Has the introduction of energy drinks to the market changed how much caffeine people consume?

A 2010 study conducted for the FDA found that average daily caffeine intake did not change significantly between 1999 and 2010, despite the introduction of energy drinks and other foods and beverages containing added caffeine. In addition, the study found that just four percent of all consumers consume energy drinks.

How can I tell how much caffeine I am consuming?

Information about the amount of caffeine in common caffeinated foods and beverages is available from many sources, including manufacturers’ websites. Some manufacturers also provide caffeine content information on the product label. See the chart below for a general range of caffeine content in common caffeine-containing foods and beverages.

It is important to tally the caffeine from all sources you consume throughout the day to ensure you stay at or below the moderate range of 300-400 milligrams. Remember to look at the serving size provided on the label and, if you consume more than one serving, factor this in to your total caffeine intake for the day. Non-food products, such as some medications, may also contain caffeine, so it is important to include these products in your calculations.

How does caffeine fit into a healthful diet?

Caffeinated foods and beverages can be consumed by the general healthy population. Caffeine is found in various foods and beverages that can be consumed as part of an overall healthful diet, along with regular physical activity. Knowing how much caffeine you are consuming each day from all sources will help ensure you are consuming moderate amounts.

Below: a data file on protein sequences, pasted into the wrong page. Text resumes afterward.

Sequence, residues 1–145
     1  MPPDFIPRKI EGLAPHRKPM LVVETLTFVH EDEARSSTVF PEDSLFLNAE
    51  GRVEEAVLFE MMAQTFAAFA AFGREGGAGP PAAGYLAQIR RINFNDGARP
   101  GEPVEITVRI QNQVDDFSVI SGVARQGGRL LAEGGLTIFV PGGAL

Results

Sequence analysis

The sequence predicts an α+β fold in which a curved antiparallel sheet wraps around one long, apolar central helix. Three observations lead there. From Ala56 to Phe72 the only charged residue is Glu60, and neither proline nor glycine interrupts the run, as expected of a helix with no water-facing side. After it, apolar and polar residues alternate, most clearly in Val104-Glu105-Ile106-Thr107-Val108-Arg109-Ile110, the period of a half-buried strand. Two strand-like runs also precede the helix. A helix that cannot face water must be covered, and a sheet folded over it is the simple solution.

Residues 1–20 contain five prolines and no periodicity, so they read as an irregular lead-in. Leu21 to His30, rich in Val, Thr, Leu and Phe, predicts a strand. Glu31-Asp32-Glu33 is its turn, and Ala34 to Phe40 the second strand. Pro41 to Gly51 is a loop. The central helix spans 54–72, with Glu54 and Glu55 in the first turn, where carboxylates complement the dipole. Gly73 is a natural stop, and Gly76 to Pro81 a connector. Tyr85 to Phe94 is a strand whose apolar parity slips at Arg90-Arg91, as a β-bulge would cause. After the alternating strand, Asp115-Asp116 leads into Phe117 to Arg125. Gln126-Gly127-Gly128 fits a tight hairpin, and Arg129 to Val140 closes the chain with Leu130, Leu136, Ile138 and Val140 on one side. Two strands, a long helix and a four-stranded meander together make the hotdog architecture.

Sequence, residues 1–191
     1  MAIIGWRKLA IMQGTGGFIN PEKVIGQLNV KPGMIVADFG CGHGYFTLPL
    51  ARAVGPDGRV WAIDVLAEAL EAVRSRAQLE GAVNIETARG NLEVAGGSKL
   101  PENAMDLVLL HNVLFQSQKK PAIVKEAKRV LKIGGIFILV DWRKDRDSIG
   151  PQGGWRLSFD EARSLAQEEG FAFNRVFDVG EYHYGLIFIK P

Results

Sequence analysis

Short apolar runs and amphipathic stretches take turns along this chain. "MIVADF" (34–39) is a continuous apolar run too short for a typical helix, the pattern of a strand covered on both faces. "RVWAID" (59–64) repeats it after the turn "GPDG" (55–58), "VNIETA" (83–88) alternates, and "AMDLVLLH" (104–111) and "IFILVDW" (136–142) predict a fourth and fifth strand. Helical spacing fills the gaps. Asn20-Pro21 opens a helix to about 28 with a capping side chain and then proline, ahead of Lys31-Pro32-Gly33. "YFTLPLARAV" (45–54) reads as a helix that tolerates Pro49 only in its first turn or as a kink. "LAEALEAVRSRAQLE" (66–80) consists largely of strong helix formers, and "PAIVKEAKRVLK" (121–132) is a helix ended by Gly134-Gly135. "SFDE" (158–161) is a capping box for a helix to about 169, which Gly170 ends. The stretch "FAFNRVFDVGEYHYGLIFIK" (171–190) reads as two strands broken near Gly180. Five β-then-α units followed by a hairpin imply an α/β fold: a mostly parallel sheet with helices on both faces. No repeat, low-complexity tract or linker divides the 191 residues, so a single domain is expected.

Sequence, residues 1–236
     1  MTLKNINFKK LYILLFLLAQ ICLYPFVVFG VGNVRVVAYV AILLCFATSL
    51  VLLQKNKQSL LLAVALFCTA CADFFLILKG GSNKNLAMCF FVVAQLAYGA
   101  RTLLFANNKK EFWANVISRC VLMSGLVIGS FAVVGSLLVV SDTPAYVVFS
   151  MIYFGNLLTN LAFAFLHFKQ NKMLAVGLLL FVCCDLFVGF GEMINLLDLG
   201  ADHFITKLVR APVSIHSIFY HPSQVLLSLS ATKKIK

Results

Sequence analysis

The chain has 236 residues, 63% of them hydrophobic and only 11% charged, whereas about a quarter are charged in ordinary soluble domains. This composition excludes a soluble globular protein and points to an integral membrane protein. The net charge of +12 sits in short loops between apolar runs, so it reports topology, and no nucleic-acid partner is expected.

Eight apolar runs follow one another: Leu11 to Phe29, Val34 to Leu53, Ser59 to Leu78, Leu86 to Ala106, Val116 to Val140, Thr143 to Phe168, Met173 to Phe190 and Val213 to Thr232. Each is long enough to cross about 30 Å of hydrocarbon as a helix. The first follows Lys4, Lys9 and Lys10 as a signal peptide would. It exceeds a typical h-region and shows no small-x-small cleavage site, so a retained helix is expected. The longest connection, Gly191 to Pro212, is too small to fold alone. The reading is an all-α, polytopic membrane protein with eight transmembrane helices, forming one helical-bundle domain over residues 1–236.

While caffeine is not an essential nutrient, moderate caffeine consumption has been associated with reduced risk of some non-communicable diseases, such as type 2 diabetes, some cancers, and Alzheimer’s disease.

Whether it’s a latte, soda, or energy drink, when enjoying a caffeinated beverage, keep the amount of caffeine per serving in mind. Despite common misperception, an 8-ounce energy drink contains about the same amount of caffeine as an 8-ounce cup of home-brewed coffee* – about 100 milligrams (Remember, moderate daily consumption is 300-400 mg for the average healthy adult).

Some people may need to avoid or limit caffeine consumption due to a health condition or individual sensitivity. Certain sensitive groups, such as pregnant women and those with a history of heart attack or high blood pressure, should talk with their healthcare professional about their caffeine consumption to determine the amount that is best for them.

*Note that coffee house brews typically contain more caffeine per serving than home brewed coffee.

Quick Facts About Caffeine

  • Caffeine is a naturally-occurring substance found in the leaves, seeds, and/or fruit of more than 60 plants.
  • Coffee and cocoa beans, kola nuts, and tea leaves are used to make beverages such as coffee, tea, cola drinks, and chocolate.
  • Caffeine is used as a flavoring ingredient in a variety of beverages.

Can some people be more sensitive to caffeine than others?

Yes, people do differ in their sensitivity to caffeine. While children, pregnant women, and those with a history of heart attack or high blood pressure are among those who may be more sensitive to caffeine than others, there are also differences in individual sensitivity among the general population.

Those concerned about experiencing undesirable effects of over-consuming caffeine, such as sleeplessness, anxiety, and jitters can limit their caffeine intake based on the amount and timing of consumption. For example, some people may choose to avoid consuming caffeine prior to bedtime in order to limit disruption of sleep.